No More Soft Footage – DJI Mavic Pro Picture Settings
Getting a really sharp and crispy Image with your DJI Mavic Pro can be hard at times. Sometimes all seams good on your Display but when you get back home you have blurry areas or your entire Image isn’t focused right. In this Tutorial I’m about to show you how to avoid all of the above and even how you can get some extra sharpness into your Footage.
Let’s beginn with the Pictures Styles. Most people think those Settings only affect the Contrast and Saturation of your Footage,but there is also a Sharpness Dial. This little number can have huge impact on your Footage. If you don’t know how the values are impacting your Recordings you’ll end up with a bunch of worthless Content. In my Video I’m comparing the Values all the way from -2 to +2. Sure -2 and +2 are total overkill, but still it’s good to know how they perform. In my opinion -1,0 and +1 are best ones and they all have their strengths and weaknesses.
Sharpness -1: Offers the most fault tolerance, if your ISO is high. It won’t show any or much noise in your shadows. Also there is no real hard focus point in your footage. So if your focus is a bit off you won’t notice to much of it. Through the loss Sharpness you also have problems with details in high contrast areas like treetops.
Sharpness 0: Is the average workhorse. You receive a decent Sharpness throughout the whole Image and there are almost no visible artefacts. When it comes to certain details like fine leaves or something like that don’t expect to much. So if you are not planing on editing your Footage in Post or show your creation on a big screen you can absolutely stick with the Sharpness 0 Setting.
Sharpness +1: Should the Weapon of Choice is you want all the crispiness there is. You immediately can tell the difference between Sharpness 0 and Sharpness +1. The amount of additional Details you get is incredible. But all that Sharpness comes with a downside. It introduces artefacts even though they are small but they are there. Also you introduce noise earlier then with the other Settings. So make sure to stick with a low ISO as long as you can.
Another thing that can mess with your Footage is the actual Focus of the Mavic. The Autofocus of the DJI Mavic Pro was a pain from the start. It is automatically set when you start up the Mavic and when you start a new recording. Unless you are using the continuous Autofocus this can result in some serious shift in your Focus point. Since the Autofocus is set with a tap on the screen it can be hard at times to hit the right spot. Then there is another thing. If you are shooting longer scenes with some changes in scenery you don’t want that focus jumping on your footage, if the autofocus isn’t getting the spot right away.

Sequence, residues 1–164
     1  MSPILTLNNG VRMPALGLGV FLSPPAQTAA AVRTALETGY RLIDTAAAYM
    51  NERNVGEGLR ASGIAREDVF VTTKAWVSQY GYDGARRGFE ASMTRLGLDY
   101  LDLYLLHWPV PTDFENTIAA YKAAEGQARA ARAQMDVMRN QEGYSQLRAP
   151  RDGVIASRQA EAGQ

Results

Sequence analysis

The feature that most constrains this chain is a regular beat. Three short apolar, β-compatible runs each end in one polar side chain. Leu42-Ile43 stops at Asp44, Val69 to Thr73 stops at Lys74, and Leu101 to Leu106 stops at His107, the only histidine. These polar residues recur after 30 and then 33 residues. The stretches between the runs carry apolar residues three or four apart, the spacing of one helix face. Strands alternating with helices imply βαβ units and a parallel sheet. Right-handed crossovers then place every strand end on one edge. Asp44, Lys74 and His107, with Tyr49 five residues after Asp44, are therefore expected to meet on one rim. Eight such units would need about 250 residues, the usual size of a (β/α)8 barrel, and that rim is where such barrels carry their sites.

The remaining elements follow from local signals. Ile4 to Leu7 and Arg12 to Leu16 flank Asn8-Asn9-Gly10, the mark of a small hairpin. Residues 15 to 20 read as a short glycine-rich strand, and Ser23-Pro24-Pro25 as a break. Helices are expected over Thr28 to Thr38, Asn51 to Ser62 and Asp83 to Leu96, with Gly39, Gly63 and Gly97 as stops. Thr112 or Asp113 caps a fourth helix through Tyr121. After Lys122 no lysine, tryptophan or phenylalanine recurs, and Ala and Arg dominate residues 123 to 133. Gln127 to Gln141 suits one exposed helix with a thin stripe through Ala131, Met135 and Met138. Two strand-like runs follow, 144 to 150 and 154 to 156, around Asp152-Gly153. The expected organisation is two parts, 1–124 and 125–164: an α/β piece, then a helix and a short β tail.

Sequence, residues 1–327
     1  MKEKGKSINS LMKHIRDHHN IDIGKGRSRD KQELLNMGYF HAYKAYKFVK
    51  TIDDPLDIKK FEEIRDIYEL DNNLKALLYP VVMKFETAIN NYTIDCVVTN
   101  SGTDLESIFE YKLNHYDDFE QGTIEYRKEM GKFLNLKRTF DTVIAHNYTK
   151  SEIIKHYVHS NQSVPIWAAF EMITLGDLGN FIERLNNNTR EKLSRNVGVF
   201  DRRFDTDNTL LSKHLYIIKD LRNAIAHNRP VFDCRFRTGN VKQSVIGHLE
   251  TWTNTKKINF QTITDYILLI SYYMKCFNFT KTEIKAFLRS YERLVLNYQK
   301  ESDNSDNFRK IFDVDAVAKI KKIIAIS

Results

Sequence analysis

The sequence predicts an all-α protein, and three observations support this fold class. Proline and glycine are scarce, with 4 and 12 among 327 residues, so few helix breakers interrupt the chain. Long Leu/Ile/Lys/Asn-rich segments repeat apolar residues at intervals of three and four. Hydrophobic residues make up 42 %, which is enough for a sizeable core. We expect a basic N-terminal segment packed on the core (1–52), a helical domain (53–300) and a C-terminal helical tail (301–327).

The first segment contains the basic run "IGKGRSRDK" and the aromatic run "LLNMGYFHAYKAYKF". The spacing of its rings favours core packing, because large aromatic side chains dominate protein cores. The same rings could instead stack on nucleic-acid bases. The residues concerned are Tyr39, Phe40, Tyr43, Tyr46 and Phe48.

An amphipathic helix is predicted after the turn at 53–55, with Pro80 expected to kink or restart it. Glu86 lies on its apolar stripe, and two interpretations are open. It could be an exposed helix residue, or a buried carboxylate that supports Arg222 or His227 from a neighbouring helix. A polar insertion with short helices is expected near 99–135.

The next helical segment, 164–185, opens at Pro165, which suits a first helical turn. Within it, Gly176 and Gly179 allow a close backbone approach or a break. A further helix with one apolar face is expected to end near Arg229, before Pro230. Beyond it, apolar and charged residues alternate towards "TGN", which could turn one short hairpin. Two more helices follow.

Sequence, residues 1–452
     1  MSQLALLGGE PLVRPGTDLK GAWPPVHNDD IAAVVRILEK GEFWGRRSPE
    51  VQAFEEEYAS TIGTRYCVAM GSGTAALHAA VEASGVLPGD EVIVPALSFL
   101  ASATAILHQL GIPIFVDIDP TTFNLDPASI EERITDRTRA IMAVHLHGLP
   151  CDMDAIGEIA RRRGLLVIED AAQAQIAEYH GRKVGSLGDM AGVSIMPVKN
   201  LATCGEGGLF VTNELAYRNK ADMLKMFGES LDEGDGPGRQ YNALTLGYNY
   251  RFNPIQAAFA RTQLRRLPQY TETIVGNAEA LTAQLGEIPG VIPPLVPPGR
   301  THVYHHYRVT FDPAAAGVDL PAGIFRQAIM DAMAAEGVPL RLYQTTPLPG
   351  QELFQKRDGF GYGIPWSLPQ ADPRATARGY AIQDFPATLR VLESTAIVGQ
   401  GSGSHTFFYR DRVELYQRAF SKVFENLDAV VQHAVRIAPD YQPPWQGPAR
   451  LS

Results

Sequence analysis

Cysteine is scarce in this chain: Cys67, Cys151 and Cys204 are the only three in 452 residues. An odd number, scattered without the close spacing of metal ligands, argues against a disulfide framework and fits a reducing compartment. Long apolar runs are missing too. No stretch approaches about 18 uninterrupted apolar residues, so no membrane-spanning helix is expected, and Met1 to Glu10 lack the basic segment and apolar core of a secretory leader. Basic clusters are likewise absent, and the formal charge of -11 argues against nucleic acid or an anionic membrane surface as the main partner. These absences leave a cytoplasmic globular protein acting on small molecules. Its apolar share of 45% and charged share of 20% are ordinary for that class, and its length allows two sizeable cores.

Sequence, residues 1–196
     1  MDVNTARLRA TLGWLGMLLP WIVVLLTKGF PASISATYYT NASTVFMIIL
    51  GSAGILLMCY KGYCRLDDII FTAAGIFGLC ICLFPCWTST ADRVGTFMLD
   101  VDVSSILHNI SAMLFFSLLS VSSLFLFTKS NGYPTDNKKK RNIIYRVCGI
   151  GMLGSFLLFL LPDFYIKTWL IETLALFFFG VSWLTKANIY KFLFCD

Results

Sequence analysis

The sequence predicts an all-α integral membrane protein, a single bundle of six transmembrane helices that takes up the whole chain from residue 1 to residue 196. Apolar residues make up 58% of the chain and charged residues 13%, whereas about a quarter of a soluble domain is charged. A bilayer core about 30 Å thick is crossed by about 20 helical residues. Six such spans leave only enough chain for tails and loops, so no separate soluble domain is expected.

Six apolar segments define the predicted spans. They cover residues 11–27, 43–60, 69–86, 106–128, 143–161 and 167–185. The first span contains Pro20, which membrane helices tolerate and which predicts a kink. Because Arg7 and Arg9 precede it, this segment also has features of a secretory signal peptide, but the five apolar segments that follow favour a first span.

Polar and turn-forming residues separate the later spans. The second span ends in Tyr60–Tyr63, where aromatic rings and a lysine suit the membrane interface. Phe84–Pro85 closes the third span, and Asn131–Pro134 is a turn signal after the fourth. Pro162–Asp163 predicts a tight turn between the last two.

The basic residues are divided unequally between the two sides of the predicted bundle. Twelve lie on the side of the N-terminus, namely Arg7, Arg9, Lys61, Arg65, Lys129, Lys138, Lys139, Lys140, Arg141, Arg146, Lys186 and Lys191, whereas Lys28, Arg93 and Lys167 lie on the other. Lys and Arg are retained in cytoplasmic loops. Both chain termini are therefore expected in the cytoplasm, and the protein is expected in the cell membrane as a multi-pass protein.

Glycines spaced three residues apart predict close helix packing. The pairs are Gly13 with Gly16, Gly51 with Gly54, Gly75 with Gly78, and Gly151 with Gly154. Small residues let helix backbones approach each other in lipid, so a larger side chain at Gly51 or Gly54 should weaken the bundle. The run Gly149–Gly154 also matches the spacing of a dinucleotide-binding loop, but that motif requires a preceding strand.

To avoid all these things you have to set your focus manually. If you fly the Mavic with your Phone it’ll hard to get the focus right on such a little screen. Fortunately DJI did include a Peak Focus Feature into the DJI 4 GO App. So if you ever wondered where those weird red lines are come from now you know. The Peak Focus is highlighting sharp edges with a red contour. Depending on how accurate you want your focus to be you can set the threshold in three steps. Low obviously highlights you everything that is remotely close to in focus. With the High Setting depending on the scenery and the lighting conditions it can be hard to find a focus point. It depends on your personal opinion what you like best. I go with the “Normal” threshold setup most of the time.
The only thing left to do is to adjust the Focus with the Focus Dail on the Main Screen to get as much red lines on your screen as possible. This may need some practice so make sure to try it in the field before you really depend on it. Practicing on your desk can help you understand the basics, but outdoor conditions are way harder to control.
I hope with this tutorial you’ll be able to avoid any blurry or smudgy footage in the future. It definitely helped me to reduce the amount of my rejected content. So happy and safe flying!